Not so random Randomizer



  • import tools.*;

    class tools.Randomizer {
       
        static private var number:Number = 0;
       
        static function getNumber():Number {
            return number++;
        }
       
    }

     

    Random isn't random, but this...



  •  Guaranteed to be unique, I guess.



  • He should add a random amount to it instead.  As of right now, he will never get any negatives, 0s, or decimals.

    <FONT size=3><FONT face=Calibri>And just to get it out of the way… this reminds of an overly abused xkcd that must never be linked: <?xml:namespace prefix = o ns = "urn:schemas-microsoft-com:office:office" /><o:p></o:p></FONT></FONT>

     

    [mod - you were warned]


  • @dhromed said:

    Guaranteed to be unique, I guess.

    As long as there's only one thread...but then, true randomness is not unique, so I guess that's as ok as anything else about this.



  • I don't see a huge problem with this if it is used solely in a testing environment ... adds some ... predictabilty ... when testing something expected to be random.

    Much like using a fake system clock which only ticks once every time it is accessed.



  • I'm curious why this exists. What is it used for?



  • @morbiuswilters said:

    I'm curious why this exists. What is it used for?

     It is used for generating id's... In multiple production environments.

    I wish it was unique, 'cause that would mean it works as intended...

    But it is not really a randomizer, but an ID generator.



  • @chillisaus said:

    @morbiuswilters said:

    I'm curious why this exists. What is it used for?

     It is used for generating id's... In multiple production environments.

    I wish it was unique, 'cause that would mean it works as intended...

    But it is not really a randomizer, but an ID generator.

    Ah, I see. Also, what language is this?



  •  @morbiuswilters said:

    Also, what language is this?

    colon-type notation suggests Delphi, if I am not mistaken.

    Or Pascal.



  • @dhromed said:

    colon-type notation suggests Delphi, if I am not mistaken.

    Or Pascal.

    Very unlikely - { } are comment separators in Pascal/Delphi.



  •  Heh, this might be TRWTF, but it's ActionScript. 2.0 that is...



  • @chillisaus said:

     Heh, this might be TRWTF, but it's ActionScript. 2.0 that is...

    Server-side actionscript? I didn't even know that was possible..



  • @ender said:

    @dhromed said:

    colon-type notation suggests Delphi, if I am not mistaken.

    Or Pascal.

    Very unlikely - { } are comment separators in Pascal/Delphi.
    TRWTF.

    @zelmak said:

    I don't see a huge problem with this if it is used solely in a testing environment ... adds some ... predictabilty ... when testing something expected to be random.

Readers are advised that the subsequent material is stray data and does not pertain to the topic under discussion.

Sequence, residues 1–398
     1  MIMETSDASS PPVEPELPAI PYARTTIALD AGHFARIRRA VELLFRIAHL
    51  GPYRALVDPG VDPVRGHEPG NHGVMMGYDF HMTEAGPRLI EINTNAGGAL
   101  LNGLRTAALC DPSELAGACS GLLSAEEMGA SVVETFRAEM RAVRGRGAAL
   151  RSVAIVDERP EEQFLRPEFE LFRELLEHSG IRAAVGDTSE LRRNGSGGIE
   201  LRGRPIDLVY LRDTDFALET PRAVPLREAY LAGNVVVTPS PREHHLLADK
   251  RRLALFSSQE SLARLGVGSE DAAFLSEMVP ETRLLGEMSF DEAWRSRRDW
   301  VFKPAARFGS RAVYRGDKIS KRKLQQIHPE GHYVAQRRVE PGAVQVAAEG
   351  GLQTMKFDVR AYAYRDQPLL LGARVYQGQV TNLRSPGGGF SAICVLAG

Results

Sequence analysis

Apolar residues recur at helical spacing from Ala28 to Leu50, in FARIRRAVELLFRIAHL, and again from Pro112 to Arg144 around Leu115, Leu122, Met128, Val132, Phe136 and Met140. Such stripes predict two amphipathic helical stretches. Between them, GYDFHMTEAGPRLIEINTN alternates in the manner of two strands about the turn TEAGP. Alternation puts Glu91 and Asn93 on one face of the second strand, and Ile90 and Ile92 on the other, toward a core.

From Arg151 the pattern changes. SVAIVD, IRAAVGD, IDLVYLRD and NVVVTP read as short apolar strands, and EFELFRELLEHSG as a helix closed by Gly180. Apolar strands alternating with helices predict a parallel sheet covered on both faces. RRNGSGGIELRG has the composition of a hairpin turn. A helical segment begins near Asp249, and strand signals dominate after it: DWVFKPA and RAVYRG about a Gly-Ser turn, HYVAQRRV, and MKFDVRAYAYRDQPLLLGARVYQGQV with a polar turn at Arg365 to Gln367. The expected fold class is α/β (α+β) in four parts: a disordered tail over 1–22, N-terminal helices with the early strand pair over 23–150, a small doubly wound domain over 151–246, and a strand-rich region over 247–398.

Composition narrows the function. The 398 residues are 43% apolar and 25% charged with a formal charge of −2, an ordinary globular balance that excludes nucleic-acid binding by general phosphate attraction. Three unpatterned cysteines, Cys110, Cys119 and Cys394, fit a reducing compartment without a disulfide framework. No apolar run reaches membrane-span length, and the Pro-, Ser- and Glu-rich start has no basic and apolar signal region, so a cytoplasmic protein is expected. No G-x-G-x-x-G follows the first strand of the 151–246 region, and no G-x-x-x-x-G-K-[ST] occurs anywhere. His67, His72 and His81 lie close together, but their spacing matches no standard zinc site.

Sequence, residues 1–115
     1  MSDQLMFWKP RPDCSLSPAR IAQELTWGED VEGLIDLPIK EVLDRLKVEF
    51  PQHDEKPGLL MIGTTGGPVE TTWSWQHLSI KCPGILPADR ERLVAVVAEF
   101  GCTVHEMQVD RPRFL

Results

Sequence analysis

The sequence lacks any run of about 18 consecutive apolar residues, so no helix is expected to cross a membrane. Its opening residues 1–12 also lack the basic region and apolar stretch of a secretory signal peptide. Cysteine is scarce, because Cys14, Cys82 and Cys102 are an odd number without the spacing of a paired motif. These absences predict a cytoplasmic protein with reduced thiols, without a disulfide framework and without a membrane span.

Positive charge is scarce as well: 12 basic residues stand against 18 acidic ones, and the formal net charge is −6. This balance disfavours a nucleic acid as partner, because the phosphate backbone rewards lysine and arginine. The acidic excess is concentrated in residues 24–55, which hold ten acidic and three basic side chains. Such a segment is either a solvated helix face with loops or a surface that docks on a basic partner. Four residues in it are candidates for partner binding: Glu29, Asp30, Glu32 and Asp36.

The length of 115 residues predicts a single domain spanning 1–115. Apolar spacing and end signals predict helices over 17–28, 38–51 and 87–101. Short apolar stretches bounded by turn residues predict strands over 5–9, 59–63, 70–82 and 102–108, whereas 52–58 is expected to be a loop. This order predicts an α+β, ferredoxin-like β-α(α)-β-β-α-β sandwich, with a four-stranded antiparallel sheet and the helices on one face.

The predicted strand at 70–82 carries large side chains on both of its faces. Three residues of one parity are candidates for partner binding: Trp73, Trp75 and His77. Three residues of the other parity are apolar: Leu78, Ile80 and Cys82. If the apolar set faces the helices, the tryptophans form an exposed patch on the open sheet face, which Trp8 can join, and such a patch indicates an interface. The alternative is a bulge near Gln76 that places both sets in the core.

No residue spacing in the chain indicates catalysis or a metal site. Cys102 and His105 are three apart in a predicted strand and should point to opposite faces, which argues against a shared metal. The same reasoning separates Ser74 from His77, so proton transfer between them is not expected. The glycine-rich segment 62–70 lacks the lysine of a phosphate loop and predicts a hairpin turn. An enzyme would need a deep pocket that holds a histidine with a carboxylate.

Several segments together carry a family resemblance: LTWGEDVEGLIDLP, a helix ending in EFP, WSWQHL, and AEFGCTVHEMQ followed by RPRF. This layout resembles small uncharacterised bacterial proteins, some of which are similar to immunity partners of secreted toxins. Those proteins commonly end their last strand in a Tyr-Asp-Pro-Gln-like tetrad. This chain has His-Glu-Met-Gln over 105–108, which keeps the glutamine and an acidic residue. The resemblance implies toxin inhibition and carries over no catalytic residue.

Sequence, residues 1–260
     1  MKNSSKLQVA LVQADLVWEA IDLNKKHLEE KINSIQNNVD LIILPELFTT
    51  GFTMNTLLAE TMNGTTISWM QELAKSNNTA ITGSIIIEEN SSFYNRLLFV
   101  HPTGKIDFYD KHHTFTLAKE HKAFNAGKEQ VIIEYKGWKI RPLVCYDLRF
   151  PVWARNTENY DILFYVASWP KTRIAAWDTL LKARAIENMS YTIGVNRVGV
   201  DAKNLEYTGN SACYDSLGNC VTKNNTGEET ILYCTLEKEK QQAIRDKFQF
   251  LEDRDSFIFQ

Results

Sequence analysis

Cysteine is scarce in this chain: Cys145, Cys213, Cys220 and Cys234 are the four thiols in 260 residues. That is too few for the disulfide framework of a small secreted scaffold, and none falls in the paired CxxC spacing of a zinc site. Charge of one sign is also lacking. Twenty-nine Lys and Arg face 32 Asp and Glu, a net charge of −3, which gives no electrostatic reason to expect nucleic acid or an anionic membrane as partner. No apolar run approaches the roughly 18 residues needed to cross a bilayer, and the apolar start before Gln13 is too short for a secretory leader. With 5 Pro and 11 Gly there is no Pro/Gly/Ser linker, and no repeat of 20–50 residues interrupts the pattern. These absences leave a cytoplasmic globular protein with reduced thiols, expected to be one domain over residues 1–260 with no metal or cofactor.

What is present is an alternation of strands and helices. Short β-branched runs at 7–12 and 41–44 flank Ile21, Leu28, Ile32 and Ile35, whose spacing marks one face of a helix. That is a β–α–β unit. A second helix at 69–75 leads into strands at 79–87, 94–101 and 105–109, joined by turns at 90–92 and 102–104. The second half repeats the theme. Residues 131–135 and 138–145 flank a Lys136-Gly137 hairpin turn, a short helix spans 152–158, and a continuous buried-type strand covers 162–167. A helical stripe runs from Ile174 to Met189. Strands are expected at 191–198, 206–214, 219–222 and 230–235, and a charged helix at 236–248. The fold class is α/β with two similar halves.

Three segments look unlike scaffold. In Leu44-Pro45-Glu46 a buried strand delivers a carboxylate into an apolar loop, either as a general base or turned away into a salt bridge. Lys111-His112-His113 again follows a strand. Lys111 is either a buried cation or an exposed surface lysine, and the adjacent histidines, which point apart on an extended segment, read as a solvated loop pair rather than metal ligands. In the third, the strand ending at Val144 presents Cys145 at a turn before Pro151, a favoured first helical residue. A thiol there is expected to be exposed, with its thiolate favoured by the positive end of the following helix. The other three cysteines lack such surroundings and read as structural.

So does srand(0), and that still gives random-looking numbers.



  • @morbiuswilters said:

    Server-side actionscript?
     

    Who said it was server-side?



  • @dhromed said:

    @morbiuswilters said:

    Server-side actionscript?
     

    Who said it was server-side?

    He said it was used for "generating IDs in multiple production environments". That definitely sounds like server-side work to me, but maybe not.



  • @Anketam said:

    He should add a random amount to it instead.  As of right now, he will never get any negatives, 0s, or decimals.

    <font size="3"><font face="Calibri">And just to get it out of the way… this reminds of an overly abused xkcd that must never be linked: </font></font>

     

    [mod - you were warned]

    Woohoo! Rosie's *hot*!



    [I'm only putting one Rosie here because there's already been enough awfulness in this thread. -TheShadowMod]



  • @morbiuswilters said:

    He said it was used for "generating IDs in multiple production environments". That definitely sounds like server-side work to me, but maybe not.

    Grandma's Facebook open to Farmville = "production environment".



  • @D-Coder said:

    @Anketam said:

    He should add a random amount to it instead.  As of right now, he will never get any negatives, 0s, or decimals.

    <FONT size=3><FONT face=Calibri>And just to get it out of the way… this reminds of an overly abused xkcd that must never be linked: </FONT></FONT>  <Rosie picture>

     

    [mod - you were warned]

    Woohoo! Rosie's *hot*!

    <Hot Rosie Picture>

    [I'm only putting one Rosie here because there's already been enough awfulness in this thread. -TheShadowMod]